The Little Lies We Tell To Let Ourselves Spend

Frugal For Life lists some of the things we tell ourself that rationalize irrational buying decisions, things like “I’ve been working really hard” or “this one little thing won’t be a big deal.” One that I’ve been guilty of is, “I have plenty of allocated disposable income and I never got the nice things as a kid that other kids got so now it’s my turn to have the toys.” We all do it, the trick is to catch yourself doing it and counteract the impulse by asking if the purchase is really important, necessary or of good value. What do you find yourself telling yourself makes you spend or spend extra for the upgrade?

Excuses To Buy [Frugal For Life]
(Photo: Maulleigh)

Comments

Edit Your Comment

  1. speedwell (propagandist and secular snarkist) says:

    Oh, Christ, I’ll start.

    - I’m not poor anymore, so I don’t have to settle for the quality poor people settle for.
    - I need the extra one in case the first one breaks.
    - It would make a good gift.
    - It’s a good investment.
    - I’ll need it for a business trip.

    And the number one excuse, germinated as Hurricane Rita was bearing down on Houston:

    - It’s for the emergency storage closet.

  2. warf0x0r says:

    Hrmmm, so buying a new PC each year so I can play one game isn’t necessary?!?

    Wow, I just saved 2k each year for every year of the rest of my life, not adjusted for inflation. Maybe I’ll add it to my retirement savings, or I could develop a nice cocaine addiction. Hrmmm.

  3. ThePopOversAreDone says:

    Sometimes I dream about
    shopping at The Goodwill store
    on their regular days and not
    their 2 for 1 days.

  4. MENDOZA!!!!! says:

    [me lying to myself]
    “No one will have to know. Well, except maybe the credit reporting agencies, the IRS, my wife, VISA/Mastercard/Amex, the mortgage industry, the under-government, God, various banks, probably your parents.”

    There is a lot of disclosure between myself and I

  5. juri squared says:

    “I’m stressed out and deserve something nice.”

    Why yes, I am guilty of indulging in retail therapy! Why do you ask?

  6. speedwell (propagandist and secular snarkist) says:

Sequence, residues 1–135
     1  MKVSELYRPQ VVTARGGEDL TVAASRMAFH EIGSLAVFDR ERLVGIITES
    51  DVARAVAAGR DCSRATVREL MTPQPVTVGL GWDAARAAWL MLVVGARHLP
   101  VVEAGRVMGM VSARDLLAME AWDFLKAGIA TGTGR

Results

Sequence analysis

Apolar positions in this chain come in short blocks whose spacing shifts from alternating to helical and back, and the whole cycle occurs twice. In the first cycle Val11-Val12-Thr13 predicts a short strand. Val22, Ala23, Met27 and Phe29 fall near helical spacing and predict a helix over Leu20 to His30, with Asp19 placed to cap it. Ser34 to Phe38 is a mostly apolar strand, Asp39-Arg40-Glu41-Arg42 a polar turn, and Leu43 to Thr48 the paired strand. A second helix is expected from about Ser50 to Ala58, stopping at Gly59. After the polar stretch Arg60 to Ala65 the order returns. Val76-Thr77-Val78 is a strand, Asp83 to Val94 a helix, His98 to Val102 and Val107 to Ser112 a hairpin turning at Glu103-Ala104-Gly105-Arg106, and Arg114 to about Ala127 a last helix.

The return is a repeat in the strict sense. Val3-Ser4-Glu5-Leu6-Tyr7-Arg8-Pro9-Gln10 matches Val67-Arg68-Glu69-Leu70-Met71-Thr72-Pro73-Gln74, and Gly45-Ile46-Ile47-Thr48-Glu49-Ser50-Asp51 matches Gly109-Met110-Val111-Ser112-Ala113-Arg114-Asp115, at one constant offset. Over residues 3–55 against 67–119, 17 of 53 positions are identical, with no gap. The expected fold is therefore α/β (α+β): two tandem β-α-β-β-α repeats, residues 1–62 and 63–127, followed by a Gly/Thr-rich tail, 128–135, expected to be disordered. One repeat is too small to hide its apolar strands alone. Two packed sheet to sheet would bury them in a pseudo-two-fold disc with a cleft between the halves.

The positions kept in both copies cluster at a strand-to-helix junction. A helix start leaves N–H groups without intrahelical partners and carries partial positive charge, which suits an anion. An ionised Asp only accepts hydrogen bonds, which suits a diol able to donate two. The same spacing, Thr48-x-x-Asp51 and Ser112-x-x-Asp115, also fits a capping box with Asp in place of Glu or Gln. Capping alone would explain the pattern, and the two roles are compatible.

Actually, my fiance and I could turn this into a vaudeville routine.

    - The cat needs company while we’re at work. (Just before getting another kitten.)
    - The Advance of Technology! Muahahaha…. (Just before buying that just came out that revolutionizes the way something works that we had no complaint about before.)
    - It’s Ikea, so it’s affordable! (And while we’re here, look at all the other cool stuff we can’t live without!)
    - If it fits and I like the way it looks on, I should get a second one in a different color. (After all, nobody will notice… I work in IT).
    - My nephew got his report card and he’s in honors everything. Partay!! (And I’ve been meaning to try that new chichi seafood place anyway.)

  7. bbbici says:

    @speedwell:

    Actually, buying something of high quality is a really good reason, not an excuse.

    I always ask myself if i really need something now. I find spending the money on services (massages, theatre, restaurants, etc) is just as satisfying and is much better for the environment.

    Another good idea is to continually give away your old clothes, books, eyewear, whatever, to friends or associations that could use them.

  8. Fist-o™ says:

    “This person wouldn’t rip me off! It must be a good deal… I don’t have to shop around, they’re family/Friend!”

  9. gniterobot says:

    “I need 2 more gold plated toilet brushes”

    Works everytime, regardless of the product.

  10. Anonymously says:

    “It will make my girl friend happy if she gets it.”
    or, alternatively, “It will make my girl friend angry if she doesn’t get it.”

  11. manok says:

    I’m gonna work my whole life and save every penny. I’ll die rich but at least I never bought that BMW I always wanted. Thanks Consumerist for showing me the way!

  12. no.no.notorious says:

    a good excuse to not shop

    “ill just take a nap instead”

    works every time!

  13. speedwell (propagandist and secular snarkist) says:

    @bbbici: Thanks, chum :) But it’s an excuse when it’s an excuse. I don’t actually DO this since I don’t drink coffee, but the best example I can think of is somebody who dumps “that Folgers crap” in favor of a Starbucks latte venti breve with hazelnut syrup every morning on the way to work. As I said, I don’t drink coffee, so I have no opinion on whether Starbucks is actually better quality or not (so for Christ’s sake don’t start bickering, y’all). What’s important is the perception…